NSCPHD1191 Copenhagen School of Chemometrics - lphd191
1. DOE. Introduction to Design of Experiments
The basic theory and practice of Design of Experiments and statistical inference is revisited. The aim is to give a practitioner idea or reminder about the main features and uses of DoE. The seminar will be based on teaching hours and some guided exercises.
2. PCA. Principal Component Analysis as the most versatile tool in Data Analysis
Principal Component Analysis has become in the most powerful and versatile tool for analyzing data tables in Analytical Sciences. Here we present a course to show the main benefits and drawbacks of PCA when it is used for different kind of analytical data: Spectroscopy, environmental assessment, experiments performance, etc.
3. CLASS I. Supervised classification methods (I). Linear models. SIMCA and PLS-DA
The seminar is focused on the theory and practice of two linear classification tools (SIMCA and PLS-DA). The seminar will be based on teaching hours with guided exercises and practical sessions with real cases.
4. CLASS II. Supervised classification methods (II). Non-linear models. ANN and SVM
The seminar is focused on the theory and practice of advanced non-linear classification methods for Pattern Recognition, to give a practitioner idea about their main features and uses. The seminar will be based on teaching hours with guided exercises and practical sessions with real cases.
5. MCR. Multivariate Curve Resolution. Advanced deconvolution of signals.
In the last years, curve resolution techniques are gaining importance in the modeling of different analytical data. Especially, Multivariate Curve Resolution has widely demonstrated its usefulness in kinetic modeling, solving problems in chromatographic data (peak resolution/deconvolution) and hyperspectral images.
6. CHROM I. Chromatographic Data Analysis (I). Baseline correction, peak alignment and normalization
The seminar is focused on solving three major issues in chromatographic data: Retention time shifts between different samples, handling of baseline drifts and peak normalization techniques.
7. CHROM II. Chromatographic Data Analysis (II). Fingerprinting
The seminar is focused on interpreting chromatographic data and the results derived from fingerprinting analysis (pattern recognition/Principal Component Analysis).
8. CHROM III. Chromatographic Data Analysis (III). Curve resolution/advanced deconvolution of overlapped peaks
The seminar is focused on solving the problem of overlapped peaks when a hyphenated chromatographic device is used (e.g. HPLC-DAD, GC-MS, etc. Moreover, several more issues of chromatographic data (e.g. baseline drifts or retention time shifts between samples) will be handled by using curve resolution/advanced peak deconvolution methods like MCR and PARAFAC2.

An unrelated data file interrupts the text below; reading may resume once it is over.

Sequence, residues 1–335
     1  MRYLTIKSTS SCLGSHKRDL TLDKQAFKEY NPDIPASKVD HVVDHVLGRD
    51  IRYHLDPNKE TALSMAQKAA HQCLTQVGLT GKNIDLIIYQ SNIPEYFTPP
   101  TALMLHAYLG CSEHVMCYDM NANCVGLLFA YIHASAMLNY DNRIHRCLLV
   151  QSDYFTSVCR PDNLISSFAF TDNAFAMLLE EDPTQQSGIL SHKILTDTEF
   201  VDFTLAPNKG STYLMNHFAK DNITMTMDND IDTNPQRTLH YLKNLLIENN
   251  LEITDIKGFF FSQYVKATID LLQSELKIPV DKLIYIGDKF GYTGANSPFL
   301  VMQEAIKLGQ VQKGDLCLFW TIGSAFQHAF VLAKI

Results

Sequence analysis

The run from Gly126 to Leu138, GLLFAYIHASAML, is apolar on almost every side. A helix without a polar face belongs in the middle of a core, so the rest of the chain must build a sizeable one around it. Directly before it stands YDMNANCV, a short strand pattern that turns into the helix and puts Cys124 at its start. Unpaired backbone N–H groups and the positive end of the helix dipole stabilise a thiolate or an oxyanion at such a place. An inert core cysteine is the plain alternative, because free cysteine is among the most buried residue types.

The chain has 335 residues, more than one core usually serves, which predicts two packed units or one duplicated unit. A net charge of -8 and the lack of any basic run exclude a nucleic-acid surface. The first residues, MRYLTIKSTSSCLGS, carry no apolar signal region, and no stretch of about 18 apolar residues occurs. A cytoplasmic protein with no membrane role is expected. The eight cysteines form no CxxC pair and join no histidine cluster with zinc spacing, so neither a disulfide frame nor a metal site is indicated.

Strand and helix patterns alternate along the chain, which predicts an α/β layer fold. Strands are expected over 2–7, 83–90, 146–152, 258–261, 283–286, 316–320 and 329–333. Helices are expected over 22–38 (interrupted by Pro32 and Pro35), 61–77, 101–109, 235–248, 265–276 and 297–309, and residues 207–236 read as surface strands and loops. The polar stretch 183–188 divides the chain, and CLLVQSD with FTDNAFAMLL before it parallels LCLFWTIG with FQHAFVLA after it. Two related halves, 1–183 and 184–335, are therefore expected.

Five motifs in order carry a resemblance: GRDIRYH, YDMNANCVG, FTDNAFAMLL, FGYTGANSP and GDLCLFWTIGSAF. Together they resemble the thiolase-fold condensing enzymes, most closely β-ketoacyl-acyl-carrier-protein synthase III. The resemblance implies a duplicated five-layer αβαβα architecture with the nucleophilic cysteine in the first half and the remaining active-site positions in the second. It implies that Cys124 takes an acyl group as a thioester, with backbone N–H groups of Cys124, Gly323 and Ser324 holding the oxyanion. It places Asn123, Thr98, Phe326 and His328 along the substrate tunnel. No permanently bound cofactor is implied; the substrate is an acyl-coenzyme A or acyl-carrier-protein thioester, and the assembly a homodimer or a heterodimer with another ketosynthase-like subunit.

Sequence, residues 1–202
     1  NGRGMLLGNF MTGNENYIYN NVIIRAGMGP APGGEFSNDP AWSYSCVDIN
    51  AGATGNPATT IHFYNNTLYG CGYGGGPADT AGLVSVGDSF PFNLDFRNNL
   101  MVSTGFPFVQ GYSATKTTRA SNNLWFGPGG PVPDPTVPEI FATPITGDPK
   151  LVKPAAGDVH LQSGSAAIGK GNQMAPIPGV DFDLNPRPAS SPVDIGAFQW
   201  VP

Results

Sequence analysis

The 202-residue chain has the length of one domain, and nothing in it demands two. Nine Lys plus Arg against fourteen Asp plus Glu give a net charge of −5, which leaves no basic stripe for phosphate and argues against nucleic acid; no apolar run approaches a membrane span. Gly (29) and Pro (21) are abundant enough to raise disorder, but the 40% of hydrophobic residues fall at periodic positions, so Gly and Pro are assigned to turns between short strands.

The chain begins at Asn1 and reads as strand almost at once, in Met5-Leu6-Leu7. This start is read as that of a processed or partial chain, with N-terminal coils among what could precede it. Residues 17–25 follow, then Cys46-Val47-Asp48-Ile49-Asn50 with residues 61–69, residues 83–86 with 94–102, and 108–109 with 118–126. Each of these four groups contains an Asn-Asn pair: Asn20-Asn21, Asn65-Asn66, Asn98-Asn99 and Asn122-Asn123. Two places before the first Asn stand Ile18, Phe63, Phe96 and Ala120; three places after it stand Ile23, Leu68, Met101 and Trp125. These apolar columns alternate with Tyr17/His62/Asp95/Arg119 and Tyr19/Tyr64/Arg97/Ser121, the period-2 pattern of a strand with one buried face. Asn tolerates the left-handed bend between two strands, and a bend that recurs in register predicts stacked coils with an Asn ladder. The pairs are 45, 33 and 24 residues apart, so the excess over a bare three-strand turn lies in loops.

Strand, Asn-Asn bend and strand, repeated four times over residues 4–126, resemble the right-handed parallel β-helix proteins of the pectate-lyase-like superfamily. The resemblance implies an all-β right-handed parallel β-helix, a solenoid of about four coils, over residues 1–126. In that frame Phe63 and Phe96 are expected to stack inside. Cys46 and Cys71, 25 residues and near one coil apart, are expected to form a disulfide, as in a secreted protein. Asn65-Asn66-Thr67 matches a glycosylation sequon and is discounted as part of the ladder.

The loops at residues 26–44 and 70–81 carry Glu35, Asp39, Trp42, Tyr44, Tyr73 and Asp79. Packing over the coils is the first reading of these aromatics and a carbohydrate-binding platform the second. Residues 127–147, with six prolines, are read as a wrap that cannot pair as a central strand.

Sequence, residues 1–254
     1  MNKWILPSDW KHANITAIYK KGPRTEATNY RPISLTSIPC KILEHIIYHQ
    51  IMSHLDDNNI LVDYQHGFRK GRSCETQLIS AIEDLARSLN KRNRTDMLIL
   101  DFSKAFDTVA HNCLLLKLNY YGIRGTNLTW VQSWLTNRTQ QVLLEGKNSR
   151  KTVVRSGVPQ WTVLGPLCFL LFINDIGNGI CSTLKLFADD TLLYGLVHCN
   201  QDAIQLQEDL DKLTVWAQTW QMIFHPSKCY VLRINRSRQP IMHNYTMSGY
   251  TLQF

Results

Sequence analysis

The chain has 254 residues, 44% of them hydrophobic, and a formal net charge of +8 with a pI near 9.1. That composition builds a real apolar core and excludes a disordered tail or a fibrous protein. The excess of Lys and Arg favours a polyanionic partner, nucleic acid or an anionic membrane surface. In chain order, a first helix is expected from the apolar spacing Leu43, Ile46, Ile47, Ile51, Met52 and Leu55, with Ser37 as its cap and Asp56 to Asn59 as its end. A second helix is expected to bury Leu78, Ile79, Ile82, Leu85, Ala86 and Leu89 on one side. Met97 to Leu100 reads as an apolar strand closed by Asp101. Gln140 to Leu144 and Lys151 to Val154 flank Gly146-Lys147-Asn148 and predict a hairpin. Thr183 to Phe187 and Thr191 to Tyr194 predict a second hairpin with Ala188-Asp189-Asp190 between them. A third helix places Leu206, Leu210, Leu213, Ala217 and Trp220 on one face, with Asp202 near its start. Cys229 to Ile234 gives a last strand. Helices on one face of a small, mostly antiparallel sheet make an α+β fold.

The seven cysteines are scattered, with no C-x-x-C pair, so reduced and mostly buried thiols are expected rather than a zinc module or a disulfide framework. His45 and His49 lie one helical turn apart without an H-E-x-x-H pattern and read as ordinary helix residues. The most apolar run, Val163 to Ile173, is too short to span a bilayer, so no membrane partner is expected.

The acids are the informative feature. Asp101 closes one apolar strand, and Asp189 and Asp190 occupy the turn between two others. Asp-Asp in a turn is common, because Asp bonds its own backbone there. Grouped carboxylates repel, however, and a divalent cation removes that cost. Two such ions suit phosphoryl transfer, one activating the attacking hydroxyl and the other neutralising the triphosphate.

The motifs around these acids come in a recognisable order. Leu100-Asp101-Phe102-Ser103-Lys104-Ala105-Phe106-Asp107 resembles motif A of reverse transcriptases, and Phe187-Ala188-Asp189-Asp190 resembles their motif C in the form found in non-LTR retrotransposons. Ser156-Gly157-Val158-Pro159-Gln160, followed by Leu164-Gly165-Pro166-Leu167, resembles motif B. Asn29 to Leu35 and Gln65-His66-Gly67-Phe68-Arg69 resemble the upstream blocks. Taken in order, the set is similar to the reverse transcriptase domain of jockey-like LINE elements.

9. SPECT I. Spectroscopic data analysis (I). Unsupervised Pattern recognition (PCA)
The first seminar of the series focused on spectroscopic data analysis will be based on 1) pre-processing techniques of spectral data (mainly NIR, Raman and UV-Vis) and 2) develop Principal Component Analysis models in spectral data.
10. SPECT II. Spectroscopic data analysis (II). Regression models (PLS)
The second seminar of the series focused on spectroscopic data analysis will be based on the development of calibration models based on Partial Least Squares Regression in spectral data (mainly NIR, Raman and UV-Vis). This includes: Calibration development, validation, variable selection, etc.
11. STAT. Validation of models. Statistical inference in Multivariate Data Analysis.
In this seminar, extremely relevant topics like validation of multivariate models, figures of merits and statistical parameters to assess the robustness and precision of multivariate models will be taught. This seminar is highly recommended for those who want to learn how to assess a multivariate model in a statistical manner and those ones attending seminars CLASS I, CLASS II, MCR, CHROM I, II, III, SPECT I, II.
One of the key points of CSC is the interaction between the students and between the teachers to offer the possibility of open-mind discussion forums always within the framework of scientific data analysis and performance. That is why CSC counts with well-recognized experts on chemometrics and multivariate data analysis in their respective fields. The intended learning outcomes have to be divided into two categories:
- Individual learning outcomes: the main target for each individual seminar is to learn the basis of one data analysis method focused on several proposed examples. The student has to be able to apply the acquired knowledge to any problem related to the seminar by himself.
- Global learning outcomes: The students attending all the seminars, at the end of the course they will be able to understand the structure of a huge amount of data structures and also to understand the problems derived from the data. Moreover, they will be independent in the application of solutions to their problems in a dedicated manner.
- Practical exercises
- Project work
- Theory exercises
To sign up for the course, please send
an e-mail to Jeanette V. Hansen (firstname.lastname@example.org) or to José Manuel
Amigo (email@example.com) with the following information: Name:
Position/department: University: Seminars that you want to attend:
The deadline for registration to any of the seminars will be the 1st of September of 2013.
- 12 ECTS
- Type of assessment
- Written assignmentWritten reports; work out by the participants individually. The reports have to be handed in maximally one week after the last lecture and are evaluated and credited with PASS/FAIL by the course lectures.
- Exam registration requirements
- 1 ECTS per seminar. The time for reports is dedicated to consultancy and supervision by the student having an importance of 1 ECTS. One student attending all the seminars, he will get 12 ECTS.